My Dad Confesses

I haven’t heard from my parents in weeks. I hadn’t really thought about it too much. Usually, they only call if they want to dispense advice or to brag about the advice dispensing they’ve done or, and this is the best part, to complain about the audacity of my other family members attempts to dispense advice to them.

But my dad calls last night to tell me about the trip they took to the William Jennings Bryan home and how there was a note on the door that said “We’ll resume our regular hours after Christmas” and how he and Mom sat around having a good laugh trying to figure out just how long Christmas was in the William Jennings Bryan household.

And then he lets it slip, “But I still had to stop a couple of times to pee on the way down. I know the doctor said it would take up to a year to fix, but it’s still aggravating.”

“What would take up to a year to fix?”

“Oh, I told you how my doctor thought I might have prostate cancer and so he ran all these tests, because he didn’t want to screw up again like he did on my ankle.”

“You’re still going to the doctor who thought you had gout when you had snapped your Achilles’ tendon?”

“He says that’s a great teaching moment for him in his classes.”

“I bet. And so for how long have you been running around worried that you might have prostate cancer and not telling anyone?”

“I wasn’t deliberately not telling you. It just slipped my mind.”

“I bet.”

“Anyway, it’s just enlarged, but medicine will fix it.”

“Like the medicine fixed your ‘gout?'”

“B., except for that one mistake, he’s a fine doctor.”

8 thoughts on “My Dad Confesses

  1. When my father remarried after my mother died, he and the stepmother, who is an odd bird and that’s being kind, decided to hide everything going on with them. She has made it clear that we are strangers that just happen to be her husband’s children.
    My father and I have always had a good relationship until the new marriage, but now he tells us nothing and has got to quoting the bible although you rarely see him in a church.
    I digress, he now tells me nothing except in passing conversation when I think he regresses to the “old” model of my dad and it slips.
    You are much more magnaminous than I am, it really irritates me.
    I worry that something will happen to him, and I won’t know anything about it.
    And he only lives 14 miles away.
    Being an adult dealing with parents is very, very difficult.

  2. B, our dad has the same prostate problem. My mom says it’s just enlarged, nothing to worry about, he just has to pee a lot. Still, I wonder what they keep from us so we “don’t have to worry.” At the same time, I guess talking about your prostate gland with your kids could be kind of embarrassing. But this is your dad we’re talking about.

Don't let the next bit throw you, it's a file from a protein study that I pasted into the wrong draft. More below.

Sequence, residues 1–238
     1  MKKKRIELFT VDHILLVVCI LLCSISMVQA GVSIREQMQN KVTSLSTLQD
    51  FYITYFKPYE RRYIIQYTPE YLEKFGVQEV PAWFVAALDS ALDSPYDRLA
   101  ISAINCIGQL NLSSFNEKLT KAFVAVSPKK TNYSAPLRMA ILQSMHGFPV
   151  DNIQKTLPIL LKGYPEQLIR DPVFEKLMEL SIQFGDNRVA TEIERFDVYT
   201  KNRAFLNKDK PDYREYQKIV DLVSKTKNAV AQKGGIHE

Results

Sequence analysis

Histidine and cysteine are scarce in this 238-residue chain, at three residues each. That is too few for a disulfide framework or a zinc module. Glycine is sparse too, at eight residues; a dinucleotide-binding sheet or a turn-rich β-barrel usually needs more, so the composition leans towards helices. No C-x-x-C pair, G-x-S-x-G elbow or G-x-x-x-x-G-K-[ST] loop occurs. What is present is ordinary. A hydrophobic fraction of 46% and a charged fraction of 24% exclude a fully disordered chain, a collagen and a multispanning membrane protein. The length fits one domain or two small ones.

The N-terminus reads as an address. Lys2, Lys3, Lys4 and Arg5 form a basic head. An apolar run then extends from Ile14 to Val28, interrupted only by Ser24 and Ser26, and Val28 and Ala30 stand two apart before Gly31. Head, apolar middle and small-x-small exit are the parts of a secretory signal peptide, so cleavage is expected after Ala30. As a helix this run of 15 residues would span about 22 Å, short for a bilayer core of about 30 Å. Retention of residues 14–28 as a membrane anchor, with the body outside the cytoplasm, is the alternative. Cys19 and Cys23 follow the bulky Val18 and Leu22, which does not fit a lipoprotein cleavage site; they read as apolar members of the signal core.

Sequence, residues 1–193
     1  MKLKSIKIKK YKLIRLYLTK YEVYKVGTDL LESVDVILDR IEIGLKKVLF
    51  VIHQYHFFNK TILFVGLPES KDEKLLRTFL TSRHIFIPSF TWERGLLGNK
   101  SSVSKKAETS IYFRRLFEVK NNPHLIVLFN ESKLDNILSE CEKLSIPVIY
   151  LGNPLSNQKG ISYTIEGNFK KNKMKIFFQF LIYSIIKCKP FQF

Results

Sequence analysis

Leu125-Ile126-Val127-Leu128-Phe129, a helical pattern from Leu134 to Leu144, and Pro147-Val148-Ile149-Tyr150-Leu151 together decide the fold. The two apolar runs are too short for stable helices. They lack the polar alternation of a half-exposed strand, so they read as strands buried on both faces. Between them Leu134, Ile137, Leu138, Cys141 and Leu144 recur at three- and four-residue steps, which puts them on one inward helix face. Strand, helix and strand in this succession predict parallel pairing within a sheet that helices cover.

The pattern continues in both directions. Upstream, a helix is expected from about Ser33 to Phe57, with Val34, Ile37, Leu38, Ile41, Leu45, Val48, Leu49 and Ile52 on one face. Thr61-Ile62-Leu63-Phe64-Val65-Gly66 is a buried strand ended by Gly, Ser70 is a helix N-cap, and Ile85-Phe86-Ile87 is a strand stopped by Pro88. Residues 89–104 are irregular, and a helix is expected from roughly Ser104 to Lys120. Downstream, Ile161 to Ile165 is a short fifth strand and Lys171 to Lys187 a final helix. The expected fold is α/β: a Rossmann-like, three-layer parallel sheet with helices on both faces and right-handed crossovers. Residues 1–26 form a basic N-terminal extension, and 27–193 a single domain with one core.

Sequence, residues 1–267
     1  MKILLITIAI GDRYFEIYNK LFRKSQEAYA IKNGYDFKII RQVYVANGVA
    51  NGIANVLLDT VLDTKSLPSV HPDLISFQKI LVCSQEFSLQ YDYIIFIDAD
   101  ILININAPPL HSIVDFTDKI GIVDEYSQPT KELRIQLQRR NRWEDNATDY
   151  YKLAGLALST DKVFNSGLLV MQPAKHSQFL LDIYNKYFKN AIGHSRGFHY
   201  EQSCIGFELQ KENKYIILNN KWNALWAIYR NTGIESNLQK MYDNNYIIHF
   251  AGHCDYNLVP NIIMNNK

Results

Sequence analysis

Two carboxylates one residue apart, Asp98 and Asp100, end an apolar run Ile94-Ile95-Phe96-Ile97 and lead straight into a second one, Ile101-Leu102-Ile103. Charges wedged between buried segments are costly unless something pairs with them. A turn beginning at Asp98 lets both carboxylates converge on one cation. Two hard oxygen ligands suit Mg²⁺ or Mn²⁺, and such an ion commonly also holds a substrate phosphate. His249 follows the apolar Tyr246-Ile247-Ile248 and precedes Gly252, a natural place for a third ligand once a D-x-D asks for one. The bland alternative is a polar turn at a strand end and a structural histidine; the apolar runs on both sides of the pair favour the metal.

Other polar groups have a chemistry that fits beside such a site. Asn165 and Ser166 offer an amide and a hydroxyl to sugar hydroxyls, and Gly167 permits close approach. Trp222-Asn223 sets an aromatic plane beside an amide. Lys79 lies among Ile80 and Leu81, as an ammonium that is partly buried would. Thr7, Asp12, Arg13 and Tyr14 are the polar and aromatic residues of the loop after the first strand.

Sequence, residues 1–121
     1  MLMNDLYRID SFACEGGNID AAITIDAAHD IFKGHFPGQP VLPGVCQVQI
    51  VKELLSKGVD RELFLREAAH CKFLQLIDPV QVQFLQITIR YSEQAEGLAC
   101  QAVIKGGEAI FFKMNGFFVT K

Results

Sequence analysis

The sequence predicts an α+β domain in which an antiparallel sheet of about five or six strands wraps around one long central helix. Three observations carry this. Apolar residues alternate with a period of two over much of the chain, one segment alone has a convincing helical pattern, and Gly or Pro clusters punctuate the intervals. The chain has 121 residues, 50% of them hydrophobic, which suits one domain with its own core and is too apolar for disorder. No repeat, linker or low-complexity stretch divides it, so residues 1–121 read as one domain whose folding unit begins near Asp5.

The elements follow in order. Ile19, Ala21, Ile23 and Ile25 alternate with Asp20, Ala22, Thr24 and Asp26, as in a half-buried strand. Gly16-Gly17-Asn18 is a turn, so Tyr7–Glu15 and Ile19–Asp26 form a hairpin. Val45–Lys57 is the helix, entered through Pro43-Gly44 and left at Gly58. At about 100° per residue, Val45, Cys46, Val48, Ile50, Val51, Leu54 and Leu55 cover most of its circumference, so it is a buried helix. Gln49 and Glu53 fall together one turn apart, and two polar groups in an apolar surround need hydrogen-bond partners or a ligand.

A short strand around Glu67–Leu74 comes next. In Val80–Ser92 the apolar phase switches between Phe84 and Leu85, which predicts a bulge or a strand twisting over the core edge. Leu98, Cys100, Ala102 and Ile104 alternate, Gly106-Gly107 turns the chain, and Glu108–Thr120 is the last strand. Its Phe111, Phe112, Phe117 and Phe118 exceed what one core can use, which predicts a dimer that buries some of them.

Miss J

  3. “B., except for that one mistake, he’s a fine doctor.”

    OMG…good thing that one mistake wasn’t on his vasectomy, or colonoscopy…and God forbid it was during some form of serious surgery or something.

    Hope all goes well with Dad…my mom didn’t want to tell me about her heart condition or breast cancer either…now I can’t get the woman to shut up and leave me alone….I guess I’ll never be happy.

  4. I was also wondering if taking gout medicine for half a year last year might have had some negative side-effects, but he refuses to answer that question.

    Miss J., I know! My dad runs around the house naked. He brags about having sex with my mom. It’s usually up to us kids to insist on proper boundaries.

    Anyway, I’m not too worried about cancer. I think his doctor just doesn’t want to miss something obvious this time and so tested him for everything.

  5. My dad had prostate cancer, and had it removed. He is a very practical man, an engineer turned lawyer. He began to meticulously explain all the aspects of his experience, and when he got to the part about the new mechanics of achieving an erection, I screamed and left the room.

  6. The first time I had gout, I went to a podiatrist (Hey, my foot hurt). He concluded that the tendon in the arch of my foot was too short, and his solution was to cut slightly through that tendon, allowing it to somehow reach a little farther. I decided maybe cutting tendons isn’t a good Plan A. I shudder to think if I had let that quack cut my tendon for no reason.

  7. Ha, Knucklehead, your dad could have been in the earnest penis documentary. That would have been fun for everyone but you.

    Boy Scout, it sounds like you and my dad had the exact opposite problem.

  8. William Jennings Bryan, eh? I grew up on a street named after him in a town with his statue across from a park bearing his name.

    This is irrelevant information.

    Oh well.

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